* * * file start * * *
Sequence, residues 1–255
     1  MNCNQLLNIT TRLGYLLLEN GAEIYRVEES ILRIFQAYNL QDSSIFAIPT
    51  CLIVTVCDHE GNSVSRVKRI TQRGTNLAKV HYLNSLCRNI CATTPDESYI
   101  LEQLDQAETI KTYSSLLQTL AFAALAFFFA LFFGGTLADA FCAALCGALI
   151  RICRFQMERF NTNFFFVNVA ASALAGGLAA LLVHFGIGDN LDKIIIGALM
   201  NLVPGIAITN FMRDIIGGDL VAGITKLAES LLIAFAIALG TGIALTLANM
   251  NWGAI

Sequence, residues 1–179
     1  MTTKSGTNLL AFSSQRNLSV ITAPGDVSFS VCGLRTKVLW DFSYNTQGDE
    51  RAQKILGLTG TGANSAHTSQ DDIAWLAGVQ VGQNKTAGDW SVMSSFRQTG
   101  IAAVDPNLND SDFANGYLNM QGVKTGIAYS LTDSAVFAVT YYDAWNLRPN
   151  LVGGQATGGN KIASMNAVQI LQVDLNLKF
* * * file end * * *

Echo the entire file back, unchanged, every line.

Sequence, residues 1–255
     1  MNCNQLLNIT TRLGYLLLEN GAEIYRVEES ILRIFQAYNL QDSSIFAIPT
    51  CLIVTVCDHE GNSVSRVKRI TQRGTNLAKV HYLNSLCRNI CATTPDESYI
   101  LEQLDQAETI KTYSSLLQTL AFAALAFFFA LFFGGTLADA FCAALCGALI
   151  RICRFQMERF NTNFFFVNVA ASALAGGLAA LLVHFGIGDN LDKIIIGALM
   201  NLVPGIAITN FMRDIIGGDL VAGITKLAES LLIAFAIALG TGIALTLANM
   251  NWGAI

Sequence, residues 1–179
     1  MTTKSGTNLL AFSSQRNLSV ITAPGDVSFS VCGLRTKVLW DFSYNTQGDE
    51  RAQKILGLTG TGANSAHTSQ DDIAWLAGVQ VGQNKTAGDW SVMSSFRQTG
   101  IAAVDPNLND SDFANGYLNM QGVKTGIAYS LTDSAVFAVT YYDAWNLRPN
   151  LVGGQATGGN KIASMNAVQI LQVDLNLKF